What to do when the columns in a query are to be determined dynamically

Not a common requirement, but as it can happen, and was an interesting one to solve, I thought it worth documenting.

The scenario is this: For a medical system, there are a number of treatment sites (ie bits of the human body) that must be checked. For each treatment site, there will be a number of check types that need to be done. We needed to display this information in a grid like this (this is a prototype, so only shows True and False, rather than having checkboxes that can be altered)…

The treatment sites are listed in the first column, and are pulled from a database table.

The interesting bit here is that the 2nd column onwards are not fixed, these are also pulled from a database table, making the grid dynamic. We don’t know in advance what columns will be needed (other than the first one of course).

There were two parts to this task, first to pull the data from the database in a manner suitable for building the grid dynamically, and second, building the grid. This article will only cover the first part, hopefully the second part will be written up when it has been completed.

Here are the three tables used in the scenario…

The TreatmentSites table holds the data you saw in the first grid column. The TreatmentChecktypes table holds the descriptions used for the grid column headers for the 2nd and subsequent grid columns, and the middle table joins the other two. For a specific system, and entry in the SystemTreatmentSitesChecked table is surfaced as a checked checkbox in the grid (or the word “True” in the prototype).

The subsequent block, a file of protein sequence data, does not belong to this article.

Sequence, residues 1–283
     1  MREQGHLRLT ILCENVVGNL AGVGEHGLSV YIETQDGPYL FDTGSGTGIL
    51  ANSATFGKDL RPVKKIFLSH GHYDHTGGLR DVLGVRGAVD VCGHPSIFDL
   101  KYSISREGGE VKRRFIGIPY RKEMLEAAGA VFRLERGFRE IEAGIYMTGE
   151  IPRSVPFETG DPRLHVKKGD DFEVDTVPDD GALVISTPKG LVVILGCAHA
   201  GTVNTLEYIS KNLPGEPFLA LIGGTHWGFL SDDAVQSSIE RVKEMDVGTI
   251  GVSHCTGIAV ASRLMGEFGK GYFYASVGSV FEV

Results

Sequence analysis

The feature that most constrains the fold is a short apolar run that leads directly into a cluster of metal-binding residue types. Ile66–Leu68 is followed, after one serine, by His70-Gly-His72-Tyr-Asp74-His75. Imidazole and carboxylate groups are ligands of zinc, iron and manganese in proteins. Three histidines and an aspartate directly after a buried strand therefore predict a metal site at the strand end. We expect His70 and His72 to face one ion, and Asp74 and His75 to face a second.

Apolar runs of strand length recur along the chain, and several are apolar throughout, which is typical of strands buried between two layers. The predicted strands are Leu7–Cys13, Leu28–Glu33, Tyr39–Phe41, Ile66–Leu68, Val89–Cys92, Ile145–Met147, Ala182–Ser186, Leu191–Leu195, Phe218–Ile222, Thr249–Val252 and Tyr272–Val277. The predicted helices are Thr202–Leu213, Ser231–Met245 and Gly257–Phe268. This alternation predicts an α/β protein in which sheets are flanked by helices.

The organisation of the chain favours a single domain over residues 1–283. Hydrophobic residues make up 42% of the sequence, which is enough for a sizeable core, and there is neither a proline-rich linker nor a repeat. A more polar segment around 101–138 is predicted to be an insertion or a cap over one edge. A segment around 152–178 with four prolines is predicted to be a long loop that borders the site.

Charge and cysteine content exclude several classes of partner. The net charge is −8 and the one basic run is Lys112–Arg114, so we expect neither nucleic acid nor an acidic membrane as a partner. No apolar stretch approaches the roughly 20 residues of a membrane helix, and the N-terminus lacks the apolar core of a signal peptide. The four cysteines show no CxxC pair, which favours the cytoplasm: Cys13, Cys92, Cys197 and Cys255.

The server-side query

The first thing we need to do is make a cross join between the TreatmentSites table and the TreatmentCheckTypes table, in such a way that we get an indicator for each entry (or lack of entry) in the joining table. This was fairly straightforward…

int systemID = 210;
var cross = TreatmentSites.Select(ts => new {
  TreatmentSiteID = ts.ID,
  TreatmentSiteName = ts.Description,
  Checked = string
    .Join("", TreatmentCheckTypes
              .OrderBy(tct => tct.ID)
              .Select(cs => SystemTreatmentSitesCheckeds
                .Any(s => s.Active
                       && s.SystemID == systemID
                       && s.TreatmentSiteID == ts.ID
                       && s.TreatmentCheckTypeID == cs.ID) ? "y" : "n"))
})
.ToArray();

For each TreatmentSite, we select its ID and name, and then get all TreatmentCheckTypes for the TreatmentSite, building an array of “y” and “n” for the SystemTreatmentSitesChecked entries. We then use string.Join() to join the array into a single string.

Note that we order the TreatmentCheckTypes (in this case by ID, although that may change if they request a DisplayOrder column to be added), so that we know the order. This will be important later.

The result of this query is the following…

The string in the Checked column depends on what entries are in the SystemTreatmentSitesChecked table. I just added a few for testing, so the string are mostly “nnnn”.

Ideally, we would have written a query that created a results set that contained a separate column for each entry in the TreatmentCheckTypes table, but as we don’t know how many columns there are in advance, we wouldn’t be able to pass this out of the code block that created the query. Once you want to pass data out of your current code block, .NET requires static types, and that means you have to know what they are in advance (there are a few ways of getting around this, but they are massively complex and not the sort of code you’d want to look at on an empty stomach!).

The results set we have is a simple and compact way of sending the data out of the service to the client, with a known type. Once received, the client needs to decode this into objects with separate properties for each TreatmentCheckType in order to pass the data to the dynamically built grid.